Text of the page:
Narcissist or Sociopath? What's the Difference?
Narcissist or Sociopath? What's the Difference?
I have noticed a great deal of discussion lately on the difference between the Narcissist and the Sociopath. An update to the Diagnostics & Statistics Manual (the bible for mental health professionals) is due out in 2013 and speculation regarding upcoming revisions has caused a great deal of controversy in the mental health field.
Some reports indicate the American Psychological Association (APA) will condense or combine some of the personality disorders. While we cannot predict what changes the APA will make, let’s take a look at these two personality disorders as they are currently defined in the DSM-IV:
Narcissistic Personality Disorder (NPD)
THE NARCISSIST – This person is an elitist and exists to be adored and admired.
• A pervasive pattern of grandiosity, need for admiration, and a lack of empathy.
• Think Wall Street (Gordon Gecko) or American Gigolo (Richard Gere)
Anti-Social Personality Disorder (APD)
THE SOCIOPATH – This person is the con-artist who often exhibits more criminal and violent traits.
• A pervasive disregard for the law and the rights of others.
• Think The Talented Mr. Ripley (Matt Damon) or American Psycho (Christian Bale)
Both the Narcissist & the Sociopath have absolutely no remorse and no conscience. They both view others as nothing more than objects to be used as a means to an end. However, the way they use others is what differentiates them.
A Narcissist demands his sense of self be propped-up by others on a continual basis. This is because he is disconnected from himself and has no sense of self. Without validation and recognition from the outside world, a Narcissist feels dead inside.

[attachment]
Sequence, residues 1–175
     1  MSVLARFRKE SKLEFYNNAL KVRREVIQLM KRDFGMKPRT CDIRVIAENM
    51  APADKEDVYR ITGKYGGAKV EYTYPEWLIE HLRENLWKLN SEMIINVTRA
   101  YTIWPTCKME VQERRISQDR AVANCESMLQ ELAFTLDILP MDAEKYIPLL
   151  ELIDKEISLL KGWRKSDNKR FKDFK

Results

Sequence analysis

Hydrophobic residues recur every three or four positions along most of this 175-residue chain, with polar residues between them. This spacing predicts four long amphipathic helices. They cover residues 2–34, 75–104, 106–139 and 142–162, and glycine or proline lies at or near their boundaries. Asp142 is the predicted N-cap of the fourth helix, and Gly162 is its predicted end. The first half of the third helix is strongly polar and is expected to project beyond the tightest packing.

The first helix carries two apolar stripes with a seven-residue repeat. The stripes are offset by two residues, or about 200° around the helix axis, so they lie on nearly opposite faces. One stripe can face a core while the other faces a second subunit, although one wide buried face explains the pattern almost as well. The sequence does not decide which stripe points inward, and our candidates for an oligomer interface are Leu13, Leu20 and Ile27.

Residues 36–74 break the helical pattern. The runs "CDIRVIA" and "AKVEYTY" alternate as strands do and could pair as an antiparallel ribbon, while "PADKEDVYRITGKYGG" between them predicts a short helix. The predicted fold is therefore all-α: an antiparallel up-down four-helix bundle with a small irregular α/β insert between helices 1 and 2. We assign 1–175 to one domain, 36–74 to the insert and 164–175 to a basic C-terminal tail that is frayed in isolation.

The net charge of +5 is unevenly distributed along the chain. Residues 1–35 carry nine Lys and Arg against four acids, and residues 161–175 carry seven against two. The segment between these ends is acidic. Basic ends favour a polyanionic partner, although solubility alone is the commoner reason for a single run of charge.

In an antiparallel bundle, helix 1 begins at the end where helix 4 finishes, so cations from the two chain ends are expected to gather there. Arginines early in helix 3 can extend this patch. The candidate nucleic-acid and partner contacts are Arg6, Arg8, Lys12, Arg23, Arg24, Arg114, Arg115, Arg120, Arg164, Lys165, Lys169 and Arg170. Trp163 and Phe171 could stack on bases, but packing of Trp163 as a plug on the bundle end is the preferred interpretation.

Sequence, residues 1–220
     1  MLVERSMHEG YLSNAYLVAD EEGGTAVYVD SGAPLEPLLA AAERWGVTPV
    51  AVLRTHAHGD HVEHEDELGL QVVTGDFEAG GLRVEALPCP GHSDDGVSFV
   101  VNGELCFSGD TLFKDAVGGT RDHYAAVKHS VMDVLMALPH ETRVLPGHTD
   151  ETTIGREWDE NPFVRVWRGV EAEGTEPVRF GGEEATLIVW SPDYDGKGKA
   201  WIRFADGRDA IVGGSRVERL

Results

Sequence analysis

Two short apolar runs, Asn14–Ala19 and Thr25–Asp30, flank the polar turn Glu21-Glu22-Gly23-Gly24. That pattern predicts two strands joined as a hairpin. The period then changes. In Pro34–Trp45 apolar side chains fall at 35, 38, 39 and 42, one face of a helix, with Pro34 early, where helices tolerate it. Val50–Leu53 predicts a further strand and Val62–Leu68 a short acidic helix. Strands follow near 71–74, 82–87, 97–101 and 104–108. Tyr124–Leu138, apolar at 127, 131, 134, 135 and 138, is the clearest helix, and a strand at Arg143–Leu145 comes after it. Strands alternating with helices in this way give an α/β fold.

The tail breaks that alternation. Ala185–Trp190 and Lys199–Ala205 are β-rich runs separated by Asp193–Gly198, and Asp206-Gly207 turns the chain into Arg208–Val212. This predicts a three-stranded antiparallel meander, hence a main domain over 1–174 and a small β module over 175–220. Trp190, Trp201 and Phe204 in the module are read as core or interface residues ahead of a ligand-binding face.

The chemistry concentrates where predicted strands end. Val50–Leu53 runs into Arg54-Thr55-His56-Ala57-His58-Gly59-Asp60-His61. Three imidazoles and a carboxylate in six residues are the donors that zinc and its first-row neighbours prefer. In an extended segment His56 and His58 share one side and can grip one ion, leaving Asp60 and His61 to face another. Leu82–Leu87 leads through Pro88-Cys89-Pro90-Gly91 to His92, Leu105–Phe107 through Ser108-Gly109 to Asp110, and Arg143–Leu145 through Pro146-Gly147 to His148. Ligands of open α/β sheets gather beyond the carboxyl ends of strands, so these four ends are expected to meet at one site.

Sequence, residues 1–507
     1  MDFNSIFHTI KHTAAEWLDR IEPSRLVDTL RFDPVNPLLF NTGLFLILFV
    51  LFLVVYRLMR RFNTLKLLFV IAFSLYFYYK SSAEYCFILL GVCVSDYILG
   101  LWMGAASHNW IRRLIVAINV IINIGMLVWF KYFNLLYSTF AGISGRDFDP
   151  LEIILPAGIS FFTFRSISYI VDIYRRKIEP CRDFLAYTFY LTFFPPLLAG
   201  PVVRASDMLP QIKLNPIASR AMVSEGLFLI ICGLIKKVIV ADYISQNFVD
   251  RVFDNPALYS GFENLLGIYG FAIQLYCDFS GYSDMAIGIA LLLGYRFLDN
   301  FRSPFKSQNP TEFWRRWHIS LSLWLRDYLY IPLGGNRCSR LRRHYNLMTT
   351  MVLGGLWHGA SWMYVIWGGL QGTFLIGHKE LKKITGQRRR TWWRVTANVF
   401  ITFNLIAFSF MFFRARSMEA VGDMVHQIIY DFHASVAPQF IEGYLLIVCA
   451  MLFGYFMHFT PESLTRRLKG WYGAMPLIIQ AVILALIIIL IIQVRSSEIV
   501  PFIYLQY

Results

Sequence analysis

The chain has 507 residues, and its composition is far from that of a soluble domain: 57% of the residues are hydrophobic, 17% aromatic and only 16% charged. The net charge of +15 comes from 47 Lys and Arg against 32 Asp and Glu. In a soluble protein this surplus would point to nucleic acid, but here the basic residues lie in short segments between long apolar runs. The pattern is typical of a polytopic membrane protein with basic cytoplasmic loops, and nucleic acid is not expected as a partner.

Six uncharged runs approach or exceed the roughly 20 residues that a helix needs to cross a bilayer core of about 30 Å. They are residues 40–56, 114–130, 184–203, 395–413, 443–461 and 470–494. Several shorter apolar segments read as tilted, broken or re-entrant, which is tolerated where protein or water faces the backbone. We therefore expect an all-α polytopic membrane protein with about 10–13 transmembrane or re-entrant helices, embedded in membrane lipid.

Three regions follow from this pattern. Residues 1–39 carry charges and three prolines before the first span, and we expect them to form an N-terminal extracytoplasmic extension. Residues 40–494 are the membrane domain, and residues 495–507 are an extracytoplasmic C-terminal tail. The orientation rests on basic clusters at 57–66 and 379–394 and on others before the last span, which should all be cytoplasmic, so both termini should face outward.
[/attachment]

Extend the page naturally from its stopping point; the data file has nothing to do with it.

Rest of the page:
A Narcissist has a very fragile ego and is extremely insecure. He needs others to reflect his image back to him in order to feel alive. A Narcissist is addicted to the spotlight and craves attention and adoration like a drug. He has an insatiable need to be recognized for his achievements, no matter how small or insignificant. He is grandiose and views himself as much more accomplished than he really is…basically, he is delusional and not in touch with reality. He believes other people worship him when in actuality, most people see right through him.
A Narcissist has a sense of entitlement that is unsurpassed. He demands to be idealized by others. If you do not revere him, he will lash out at you. If you do not agree with him, he will retaliate against you. He has no moral code and no conscience. He simply cannot help himself. If you do not admire, adore and revere him, he will devalue and discard you with no remorse.
A Narcissist only surrounds himself with people who agree with everything he says and worship the ground he walks on. To watch a Narcissist in the workplace is pathetic. It is a fascinating study in human behavior, to say the least.